No good writer is a fast reader!

One of the reasons for engaging in blogging is to hone one's writing skills. As I have learned, doing so can be a daunting task. I often ask myself 'what distinguishes a polished writer from a mediocre blogger'. At last, thanks to Twitter, I have discovered the secret of of writing elegant prose. A Tweet by @jackshafer ( writes 'Press Box' column for "Slate") got me to an essay by Joseph Epstein, a portion of which appears follows.

Heavy sentences: "Learning to write sound, interesting, sometimes elegant prose is the work of a lifetime. The only way I know to do it is to read a vast deal of the best writing available, prose and poetry, with keen attention, and find a way to make use of this reading in one’s own writing. The first step is to become a slow reader. No good writer is a fast reader, at least not of work with the standing of literature. Writers perforce read differently from everyone else. Most people ask three questions of what they read: (1) What is being said? (2) Does it interest me? (3) Is it well constructed? Writers also ask these questions, but two others along with them: (4) How did the author achieve the effects he has? And (5) What can I steal, properly camouflaged of course, from the best of what I am reading for my own writing? This can slow things down a good bit."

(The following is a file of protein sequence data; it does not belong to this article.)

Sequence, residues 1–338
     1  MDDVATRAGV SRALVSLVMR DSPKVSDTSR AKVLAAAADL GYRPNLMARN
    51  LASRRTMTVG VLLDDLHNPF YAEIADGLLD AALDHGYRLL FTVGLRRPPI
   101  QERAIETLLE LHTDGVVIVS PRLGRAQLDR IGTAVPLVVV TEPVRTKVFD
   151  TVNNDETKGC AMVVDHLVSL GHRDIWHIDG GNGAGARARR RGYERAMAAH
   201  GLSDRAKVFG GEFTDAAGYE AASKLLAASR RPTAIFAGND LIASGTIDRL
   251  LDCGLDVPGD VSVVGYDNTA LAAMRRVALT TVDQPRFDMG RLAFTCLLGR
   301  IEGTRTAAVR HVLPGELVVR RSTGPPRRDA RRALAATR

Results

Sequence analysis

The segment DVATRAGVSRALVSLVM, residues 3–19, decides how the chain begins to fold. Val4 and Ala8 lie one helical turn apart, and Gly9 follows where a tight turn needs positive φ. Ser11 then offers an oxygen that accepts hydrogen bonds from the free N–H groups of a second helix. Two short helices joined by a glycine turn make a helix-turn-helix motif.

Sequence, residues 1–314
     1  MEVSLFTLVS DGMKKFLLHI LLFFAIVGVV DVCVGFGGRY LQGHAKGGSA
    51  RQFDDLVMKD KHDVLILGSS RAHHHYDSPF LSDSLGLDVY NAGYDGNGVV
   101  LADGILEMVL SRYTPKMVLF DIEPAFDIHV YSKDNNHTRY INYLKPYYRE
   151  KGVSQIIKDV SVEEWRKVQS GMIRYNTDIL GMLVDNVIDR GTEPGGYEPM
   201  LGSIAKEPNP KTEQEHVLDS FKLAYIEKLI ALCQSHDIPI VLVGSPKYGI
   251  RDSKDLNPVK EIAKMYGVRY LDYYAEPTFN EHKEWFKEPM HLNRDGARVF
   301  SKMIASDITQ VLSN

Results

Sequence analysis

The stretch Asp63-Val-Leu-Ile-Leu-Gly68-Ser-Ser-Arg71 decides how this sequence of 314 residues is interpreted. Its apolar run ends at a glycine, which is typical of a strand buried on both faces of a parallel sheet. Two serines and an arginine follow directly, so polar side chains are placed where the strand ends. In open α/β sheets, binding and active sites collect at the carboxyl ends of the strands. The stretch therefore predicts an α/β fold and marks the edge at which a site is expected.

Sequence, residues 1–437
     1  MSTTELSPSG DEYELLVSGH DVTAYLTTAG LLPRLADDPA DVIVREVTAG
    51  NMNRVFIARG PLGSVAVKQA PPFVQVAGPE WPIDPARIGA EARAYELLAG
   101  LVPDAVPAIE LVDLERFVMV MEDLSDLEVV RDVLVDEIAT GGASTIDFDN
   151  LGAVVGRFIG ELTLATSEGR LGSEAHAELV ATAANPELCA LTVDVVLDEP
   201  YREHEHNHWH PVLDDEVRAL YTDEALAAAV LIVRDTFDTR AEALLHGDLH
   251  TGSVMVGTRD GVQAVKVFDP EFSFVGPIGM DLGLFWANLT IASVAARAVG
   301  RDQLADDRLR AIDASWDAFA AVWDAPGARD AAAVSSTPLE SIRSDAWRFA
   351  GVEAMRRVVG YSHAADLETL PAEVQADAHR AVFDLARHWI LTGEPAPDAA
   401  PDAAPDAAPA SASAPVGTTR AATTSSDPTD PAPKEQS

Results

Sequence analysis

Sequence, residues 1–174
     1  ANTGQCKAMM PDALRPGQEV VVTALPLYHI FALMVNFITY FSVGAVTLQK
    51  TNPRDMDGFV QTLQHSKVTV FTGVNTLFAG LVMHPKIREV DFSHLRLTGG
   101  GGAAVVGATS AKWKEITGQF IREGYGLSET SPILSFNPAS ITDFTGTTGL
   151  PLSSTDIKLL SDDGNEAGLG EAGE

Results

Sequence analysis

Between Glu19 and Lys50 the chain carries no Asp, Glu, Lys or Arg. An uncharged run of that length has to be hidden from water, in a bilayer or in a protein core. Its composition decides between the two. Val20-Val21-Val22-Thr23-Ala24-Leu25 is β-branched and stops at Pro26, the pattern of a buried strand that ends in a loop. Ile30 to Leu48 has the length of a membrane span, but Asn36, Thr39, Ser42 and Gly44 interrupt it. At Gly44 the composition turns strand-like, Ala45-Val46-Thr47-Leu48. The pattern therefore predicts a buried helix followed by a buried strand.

I pride myself on being a fast reader which in the world of good writing skills is apparently the door to mediocrity. There is some hope in that I do well  as far as  question (5) is concerned.  One out of five is a hell of a lousy score and does not bode well for my writing.

I'm sure there are other points in the essay which would help my ego when it comes to writing but I read the essay so fast that I find it difficult to articulate any of the fine points . Hold everything , there was one gem which I believe will salvage my blogging career - " The only way to write is well, and how you do it is your own damn business".

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